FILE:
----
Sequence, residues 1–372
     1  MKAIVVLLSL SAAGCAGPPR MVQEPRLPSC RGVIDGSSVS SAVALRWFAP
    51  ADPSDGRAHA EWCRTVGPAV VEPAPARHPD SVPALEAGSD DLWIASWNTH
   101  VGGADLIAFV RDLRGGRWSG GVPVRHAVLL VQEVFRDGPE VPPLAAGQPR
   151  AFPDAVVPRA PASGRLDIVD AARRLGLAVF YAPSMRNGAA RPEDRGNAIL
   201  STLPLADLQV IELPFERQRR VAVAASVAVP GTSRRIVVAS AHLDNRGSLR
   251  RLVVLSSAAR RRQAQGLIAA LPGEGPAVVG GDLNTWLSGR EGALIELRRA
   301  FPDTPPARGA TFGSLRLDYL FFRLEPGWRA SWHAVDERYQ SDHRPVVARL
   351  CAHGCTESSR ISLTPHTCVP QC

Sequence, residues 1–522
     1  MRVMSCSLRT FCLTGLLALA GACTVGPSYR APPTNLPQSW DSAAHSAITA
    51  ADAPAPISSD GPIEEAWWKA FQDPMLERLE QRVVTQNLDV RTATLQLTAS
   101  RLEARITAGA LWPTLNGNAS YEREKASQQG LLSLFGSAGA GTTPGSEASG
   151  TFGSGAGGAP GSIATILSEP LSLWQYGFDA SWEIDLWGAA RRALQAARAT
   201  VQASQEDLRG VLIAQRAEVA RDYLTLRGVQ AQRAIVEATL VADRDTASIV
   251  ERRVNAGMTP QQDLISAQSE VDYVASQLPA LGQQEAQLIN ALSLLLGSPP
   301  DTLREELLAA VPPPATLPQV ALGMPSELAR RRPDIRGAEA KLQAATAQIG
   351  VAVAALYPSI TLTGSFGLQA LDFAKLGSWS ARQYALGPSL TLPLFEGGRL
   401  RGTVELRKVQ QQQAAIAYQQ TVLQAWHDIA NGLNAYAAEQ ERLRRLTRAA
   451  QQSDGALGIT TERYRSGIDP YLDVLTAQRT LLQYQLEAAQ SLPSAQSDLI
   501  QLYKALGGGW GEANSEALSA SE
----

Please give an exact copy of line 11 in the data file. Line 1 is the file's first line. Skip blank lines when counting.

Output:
     1  MRVMSCSLRT FCLTGLLALA GACTVGPSYR APPTNLPQSW DSAAHSAITA